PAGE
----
The magazine of the UW School of Public Health

Resources on Public Health Today: New Strategies. New Tools.

by Laura Larsson, MLS

From the Dean

Patricia Wahl

Public Health Systems Research
Health outcomes/outcomes research
Health Impact Assessments (HIAs) (similar to EH assessments but are voluntary)

Public Health Systems Research. Northwest Center for Public Health Practice, 2004-2009. [Site visited: October 28, 2009]
PHSR "investigates the large internal "systems" governing the operation of public health and the results on population health. These systems include the organization, the structure, the financing, the way services are delivered, the physical locations, the means of communication, the requirements of personnel, and the list continues. PHSR is an evidence-based analysis of these, and other, over-arching elements supporting the functions of public health agencies." This is a descriptive page only.

Public Health Systems Research Interest Group. AcademyHealth, 2008. [Site Accessed: October 28, 2009]
Public Health Systems Research is the emerging discipline that examines the organization, financing, and delivery of public health services and the impact of these activities on population health. Site provides information on the research interest group and its purpose.

Public Health Systems and Services Research. Robert Wood Johnson Foundation, 2009. [Site Accessed: October 28, 2009]
The site answers the question, "What works in public health?" It begins to explore the major issues that public health is facing (H1N1 flu; strategies to rapidly expand public health services in the event of large-scale disasters or emergencies; variations in public health infrastructure, resources and services and the lack of an evidence base that "has been developed to determine which public health practices and organizations are the most effective."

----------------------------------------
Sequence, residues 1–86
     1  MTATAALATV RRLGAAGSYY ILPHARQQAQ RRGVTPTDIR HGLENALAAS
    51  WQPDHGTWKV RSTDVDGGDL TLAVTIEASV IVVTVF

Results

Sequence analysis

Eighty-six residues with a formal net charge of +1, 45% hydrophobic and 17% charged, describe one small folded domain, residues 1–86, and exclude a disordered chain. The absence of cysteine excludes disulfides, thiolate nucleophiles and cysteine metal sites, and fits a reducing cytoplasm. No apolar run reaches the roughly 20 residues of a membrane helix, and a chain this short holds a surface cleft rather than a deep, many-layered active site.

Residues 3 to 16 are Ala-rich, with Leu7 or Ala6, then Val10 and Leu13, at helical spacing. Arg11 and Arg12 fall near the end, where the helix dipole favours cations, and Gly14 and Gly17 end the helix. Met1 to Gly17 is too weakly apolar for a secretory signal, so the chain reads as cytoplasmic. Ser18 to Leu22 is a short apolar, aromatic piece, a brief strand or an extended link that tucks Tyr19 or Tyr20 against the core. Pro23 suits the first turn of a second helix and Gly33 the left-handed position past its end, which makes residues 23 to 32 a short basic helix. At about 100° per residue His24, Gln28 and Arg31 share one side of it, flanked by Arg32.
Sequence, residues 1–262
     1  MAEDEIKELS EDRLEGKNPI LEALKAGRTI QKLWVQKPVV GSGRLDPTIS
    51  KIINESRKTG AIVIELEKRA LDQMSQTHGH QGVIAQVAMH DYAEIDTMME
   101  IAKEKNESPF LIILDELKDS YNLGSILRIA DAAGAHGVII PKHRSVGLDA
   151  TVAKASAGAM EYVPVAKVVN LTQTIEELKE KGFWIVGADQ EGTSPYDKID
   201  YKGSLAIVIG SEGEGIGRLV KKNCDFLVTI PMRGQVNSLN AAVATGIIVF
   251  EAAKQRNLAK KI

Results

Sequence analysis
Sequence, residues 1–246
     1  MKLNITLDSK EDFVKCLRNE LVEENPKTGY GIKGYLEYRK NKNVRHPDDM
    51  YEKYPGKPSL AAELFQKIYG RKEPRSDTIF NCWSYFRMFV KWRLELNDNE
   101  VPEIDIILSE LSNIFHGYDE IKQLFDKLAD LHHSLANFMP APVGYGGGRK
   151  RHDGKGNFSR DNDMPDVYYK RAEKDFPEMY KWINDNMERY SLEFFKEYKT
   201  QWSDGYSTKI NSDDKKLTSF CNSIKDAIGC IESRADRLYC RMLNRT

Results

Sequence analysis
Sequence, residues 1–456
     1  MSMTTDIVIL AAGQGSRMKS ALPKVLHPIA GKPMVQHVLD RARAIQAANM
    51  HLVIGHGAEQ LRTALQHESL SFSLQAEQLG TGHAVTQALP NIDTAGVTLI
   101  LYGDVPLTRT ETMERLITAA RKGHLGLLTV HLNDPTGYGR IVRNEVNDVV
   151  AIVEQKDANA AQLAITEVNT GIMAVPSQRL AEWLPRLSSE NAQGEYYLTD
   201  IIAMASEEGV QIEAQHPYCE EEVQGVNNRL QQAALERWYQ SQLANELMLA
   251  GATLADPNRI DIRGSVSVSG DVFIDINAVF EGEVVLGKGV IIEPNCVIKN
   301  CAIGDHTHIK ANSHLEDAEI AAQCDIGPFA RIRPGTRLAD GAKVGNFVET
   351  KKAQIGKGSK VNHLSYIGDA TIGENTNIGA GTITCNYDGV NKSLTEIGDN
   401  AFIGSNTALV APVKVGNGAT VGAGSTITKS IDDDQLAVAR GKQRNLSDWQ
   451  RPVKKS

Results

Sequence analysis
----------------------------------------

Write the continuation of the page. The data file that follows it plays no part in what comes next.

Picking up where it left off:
Health Impact Assessment. Centers for Disease Control and Prevention, [no date]. [Site Accessed: October 28, 2009]
Health impact assessment (HIA) is "commonly defined as "a combination of procedures, methods, and tools by which a policy, program, or project may be judged as to its potential effects on the health of a population, and the distribution of those effects within the population" (1999 Gothenburg consensus statement, HIA can be used to evaluate objectively the potential health effects of a project or policy before it is built or implemented." This page includes an annotated list of resources on Health impact assessment . The list includes links to valuable articles, groups and centers doing this research and tools such as the Healthy Development Measurement Tool.

From the Editor

Susan Allan

"the new public health"
major change in the culture of public health
importance of partnerships
social networking tools

Google Search of the News on the Topic of "New Public Health." Google. 2009. [Site Accessed: October 28, 2009]
Locates in one spot the news from various sources on the topic of the "new public health."

Awofeso N. What's new about the "new public health"? Am J Public Health. 2004 May;94(5):705-9. [Site Accessed: October 28, 2009].
This article addresses the question [of what is new about the "new public health"] by highlighting what is new about the health promotion era--including adapted components of previous eras that have been incorporated into its core activities-and its suitability in addressing established and emerging public health threats. (Author abstract).

Take the Path to New Opportunities. Take charge. Take care. Take credit. Take responsibility.

Patrick Libbey

new public health
what is public health?
Changing/changes in public health
Leadership in public health
Marketing public health